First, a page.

Ironwood Forest National Monument: Environmentalists call for trail blocking despite provision that existing mining rights, grazing privileges be honored

Friday, August 29, 2003

Tucson Citizen

Tucson, AZ - Tucson-area conservationists point to a deteriorating state at Ironwood Forest National Monument and a need to improve conservation efforts in the area.

Rep. Raúl Grijalva, D-Ariz., joined a series of speakers last night to address the public on what they see as problems with camping, off-roading and other activity in the area.

The monument, covering 129,000 acres near the Silverbell Mountains northwest of Tucson, has hundreds of plant and animal species.

Grijalva, a supporter of the monument, which is in his district, pointed to the need for balancing public use with maintaining natural splendor.

"It's not an 'either-or' plan," Grijalva said in an interview after he spoke at the meeting. "There is a need to fight the forces in Congress."

He said people in Arizona should have a greater voice in the direction of the monument's future.

Environmentalists at the talk called for blocking trails used by vehicles and providing increased law enforcement presence, especially to monitor trash left by campers and immigrants.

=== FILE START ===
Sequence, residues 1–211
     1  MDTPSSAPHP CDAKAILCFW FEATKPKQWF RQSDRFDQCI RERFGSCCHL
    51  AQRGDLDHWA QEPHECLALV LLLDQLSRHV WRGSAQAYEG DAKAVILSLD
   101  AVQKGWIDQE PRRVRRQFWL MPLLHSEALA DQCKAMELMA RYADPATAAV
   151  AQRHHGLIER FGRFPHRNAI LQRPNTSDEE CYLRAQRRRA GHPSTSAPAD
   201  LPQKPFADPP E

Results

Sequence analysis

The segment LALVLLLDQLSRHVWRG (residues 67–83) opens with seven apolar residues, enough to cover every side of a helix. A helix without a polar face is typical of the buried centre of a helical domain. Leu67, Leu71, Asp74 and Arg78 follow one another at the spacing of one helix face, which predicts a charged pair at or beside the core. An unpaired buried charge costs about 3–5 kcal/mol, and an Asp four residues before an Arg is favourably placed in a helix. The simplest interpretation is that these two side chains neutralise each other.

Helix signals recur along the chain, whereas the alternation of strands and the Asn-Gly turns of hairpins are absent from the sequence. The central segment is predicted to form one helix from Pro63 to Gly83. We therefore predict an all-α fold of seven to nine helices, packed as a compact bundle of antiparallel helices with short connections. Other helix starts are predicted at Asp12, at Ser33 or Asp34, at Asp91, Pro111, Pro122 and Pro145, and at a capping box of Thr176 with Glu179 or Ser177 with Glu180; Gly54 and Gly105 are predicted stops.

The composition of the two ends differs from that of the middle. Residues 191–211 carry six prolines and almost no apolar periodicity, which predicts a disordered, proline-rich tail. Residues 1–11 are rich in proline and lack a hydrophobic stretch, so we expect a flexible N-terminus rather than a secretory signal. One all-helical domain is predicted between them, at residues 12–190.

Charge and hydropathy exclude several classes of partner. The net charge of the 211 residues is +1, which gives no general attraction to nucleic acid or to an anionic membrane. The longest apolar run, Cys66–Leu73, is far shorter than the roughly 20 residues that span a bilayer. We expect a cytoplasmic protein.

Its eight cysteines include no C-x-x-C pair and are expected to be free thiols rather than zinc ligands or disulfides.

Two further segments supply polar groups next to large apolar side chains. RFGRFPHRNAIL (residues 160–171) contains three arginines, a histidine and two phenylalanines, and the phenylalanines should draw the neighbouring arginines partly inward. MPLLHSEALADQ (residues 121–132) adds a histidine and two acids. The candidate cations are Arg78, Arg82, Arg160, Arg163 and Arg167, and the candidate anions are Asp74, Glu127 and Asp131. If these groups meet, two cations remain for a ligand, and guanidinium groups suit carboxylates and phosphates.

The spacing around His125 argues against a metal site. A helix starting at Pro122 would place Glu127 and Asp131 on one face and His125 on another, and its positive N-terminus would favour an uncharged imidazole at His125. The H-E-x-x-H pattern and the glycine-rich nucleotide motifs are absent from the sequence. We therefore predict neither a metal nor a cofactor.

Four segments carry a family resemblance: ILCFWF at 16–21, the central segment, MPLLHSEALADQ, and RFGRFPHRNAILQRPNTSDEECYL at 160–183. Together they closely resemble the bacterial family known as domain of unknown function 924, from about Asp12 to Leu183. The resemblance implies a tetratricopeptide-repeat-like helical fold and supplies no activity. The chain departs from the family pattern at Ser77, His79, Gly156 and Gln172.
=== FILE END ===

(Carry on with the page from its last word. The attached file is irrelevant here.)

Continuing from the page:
Some also called for a management plan to monitor habitat quality for species.

While Grijalva did not have specific information on funding for conservation efforts, he noted a "lack of resources" to help fix problems.

The monument is administered by the Bureau of Land Management.

When the monument was designated by then-President Clinton in 2000, a provision in the proclamation required that existing mining rights and grazing privileges be honored. The monument got unanimous support then from the Pima County Board of Supervisors.


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